Outreach campaigns would also need to address risks -- perceived by patients and clinicians -- of engaging in clinical research. In particular, outreach campaigns could address concerns that clinical research participation is exploitative of the clinician or patient. To increase clinician confidence that they and their patients will be well-treated, organizations trying to recruit clinicians to practice-based research could, in consultation with clinician and patient representatives, adopt and enforce a set of clinical research principles emphasizing value for clinicians and patients as integral components of the research endeavor. These principles would be most effective if they are clearly and consistently articulated in all outreach campaigns and embodied in all aspects of the research process, including the management and administrative structures supporting the clinical research endeavor. Emphasizing patient and clinician participation in IRB committees might also be useful. Examples of research principles to explicitly guide community clinician-organization interactions include:
Avoidance of community clinicians being unduly pressured to participate in clinical research.
Restraint by clinicians of enrollment of so many patients that they compromise their clinical responsibilities.
Specification in protocols of all data quality requirements and procedures.
Assurance that mechanisms are in place to support that clinicians have rapid and effective feedback of their data quality (such as through an internet-based registry).
Commitment by participating clinicians that patient-poaching by specialists will not be tolerated.
Implementation of publicized research principles to assure clinicians and their patients that they are valued as an integral component of the research endeavor.
Finally, clinicians often expressed reluctance to engage in practice-based research if they believed the clinical research tasks would be onerous and difficult to incorporate into patient care. Healthcare organizations that seek to promote research among their own clinicians need to address these commonly perceived barriers -- such as time constraints and lack of staffing and training -- within their own systems and effectively communicate to clinicians how this will be accomplished.
An internet-based registry that targets all stages of the model
The organization can advertise the Web-link in journals and other media/venues that community clinicians routinely use.
A portal on the registry could outline the personal and professional benefits of clinical research and describe how clinical research can be incorporated into practice with an emphasis on ways that common barriers will be overcome. The registry could also summarize a set of clinical research principles adopted by the organization to emphasize that clinicians and patients will be treated with integrity. A portal with a chat room could allow interested clinicians to talk with clinicians currently involved in clinical research about their experiences confidentially.
Each research study can be characterized on the Web in terms of: objectives; expected benefits to science, patients and clinicians, including reimbursement rates; potential risks; types of tasks; and resources required. A registry can also post current and upcoming protocols so that clinicians can assess the predictability of clinical research studies over time.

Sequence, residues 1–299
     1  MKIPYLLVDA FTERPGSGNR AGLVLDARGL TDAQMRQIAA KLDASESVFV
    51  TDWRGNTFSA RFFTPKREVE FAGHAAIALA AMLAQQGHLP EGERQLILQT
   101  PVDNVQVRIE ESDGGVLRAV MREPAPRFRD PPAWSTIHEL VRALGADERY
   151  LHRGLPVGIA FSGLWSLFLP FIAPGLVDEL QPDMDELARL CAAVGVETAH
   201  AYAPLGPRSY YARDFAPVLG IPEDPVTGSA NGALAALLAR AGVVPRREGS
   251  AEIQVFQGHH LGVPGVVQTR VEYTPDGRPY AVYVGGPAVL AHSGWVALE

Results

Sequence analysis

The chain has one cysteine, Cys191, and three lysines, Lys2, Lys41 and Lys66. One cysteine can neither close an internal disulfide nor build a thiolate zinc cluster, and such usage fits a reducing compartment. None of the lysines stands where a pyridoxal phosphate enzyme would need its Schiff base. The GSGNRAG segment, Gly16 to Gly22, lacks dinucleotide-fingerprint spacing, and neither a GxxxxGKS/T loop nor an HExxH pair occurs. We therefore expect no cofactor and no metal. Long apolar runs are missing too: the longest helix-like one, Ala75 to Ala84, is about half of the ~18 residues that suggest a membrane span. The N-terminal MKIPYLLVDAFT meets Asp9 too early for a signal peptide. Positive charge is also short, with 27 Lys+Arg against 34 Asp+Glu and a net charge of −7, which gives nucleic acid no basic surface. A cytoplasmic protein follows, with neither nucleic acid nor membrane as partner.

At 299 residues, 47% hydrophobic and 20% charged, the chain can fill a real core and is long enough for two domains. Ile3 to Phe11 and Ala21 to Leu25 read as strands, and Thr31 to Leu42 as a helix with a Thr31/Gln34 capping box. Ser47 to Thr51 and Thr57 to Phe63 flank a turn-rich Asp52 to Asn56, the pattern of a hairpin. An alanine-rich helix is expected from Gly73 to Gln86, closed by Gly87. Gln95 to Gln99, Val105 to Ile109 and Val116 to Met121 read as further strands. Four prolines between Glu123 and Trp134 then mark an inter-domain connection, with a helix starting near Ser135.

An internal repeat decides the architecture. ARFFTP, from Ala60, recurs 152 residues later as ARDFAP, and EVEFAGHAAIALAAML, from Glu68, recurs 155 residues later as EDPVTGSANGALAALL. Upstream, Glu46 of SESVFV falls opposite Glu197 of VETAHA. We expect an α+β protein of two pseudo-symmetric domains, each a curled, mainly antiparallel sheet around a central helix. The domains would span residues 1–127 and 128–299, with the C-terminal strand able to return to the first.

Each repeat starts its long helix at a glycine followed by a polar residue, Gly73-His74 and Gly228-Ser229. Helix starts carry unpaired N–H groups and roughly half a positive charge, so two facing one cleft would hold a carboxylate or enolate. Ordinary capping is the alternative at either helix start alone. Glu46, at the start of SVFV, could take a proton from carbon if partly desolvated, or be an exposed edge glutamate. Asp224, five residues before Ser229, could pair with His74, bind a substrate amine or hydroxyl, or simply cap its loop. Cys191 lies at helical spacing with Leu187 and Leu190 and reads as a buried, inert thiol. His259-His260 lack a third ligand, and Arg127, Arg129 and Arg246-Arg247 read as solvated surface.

Web-links to research training, including IRB-training and patient-consenting procedures as well as specifics for a particular protocol, can be included. The registry can provide confirmation of the receipt of data/specimens and feedback about data quality and problems to confidentially assist clinicians to improve. Electronic chat sessions within the registry can provide peer support and a sense of community.
The registry can provide confirmation of the receipt of data/specimens and feedback about data quality and problems to confidentially assist clinicians to improve. Electronic chat sessions within the registry can provide peer support and a sense of community.
To help clinicians and medical practices realistically think through the implications to their practices of clinical research and ways to adjust their office practice, organizations can provide informational and decision-making assistance. Such assistance may be most effective if provided by a highly credible (to the clinician) professional with several years' experience working with medical practices and clinical research.
To address concerns that the reimbursement for time spent in clinical research activities are too low, organizations can advocate for equitable reimbursement for clinicians or, if the organizations themselves or a vendor are setting reimbursement rates, they can develop a reimbursement schedule for specific research tasks. These schedules can be posted in an easy-to-understand format on a website or in print. Transparent and easy-to-use information on reimbursement rates for a research protocol can be useful for clinicians who are selecting their first or subsequent protocol. Organizations can also identify procedures and visits that are covered by health insurance on behalf of practices. Organizations can help clinicians calculate whether staff time is covered, and whether this coverage is sufficient, as well as develop review checklists for costs. Clinicians may also need help determining whether their liability coverage is appropriate for engaging in research.